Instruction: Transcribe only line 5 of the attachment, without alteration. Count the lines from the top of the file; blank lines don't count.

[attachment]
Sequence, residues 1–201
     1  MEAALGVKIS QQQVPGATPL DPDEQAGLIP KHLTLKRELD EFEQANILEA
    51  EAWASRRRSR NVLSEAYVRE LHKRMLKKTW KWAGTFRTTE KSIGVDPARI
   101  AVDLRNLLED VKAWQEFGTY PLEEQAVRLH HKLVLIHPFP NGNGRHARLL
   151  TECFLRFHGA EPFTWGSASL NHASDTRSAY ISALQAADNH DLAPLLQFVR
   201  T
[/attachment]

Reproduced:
   151  TECFLRFHGA EPFTWGSASL NHASDTRSAY ISALQAADNH DLAPLLQFVR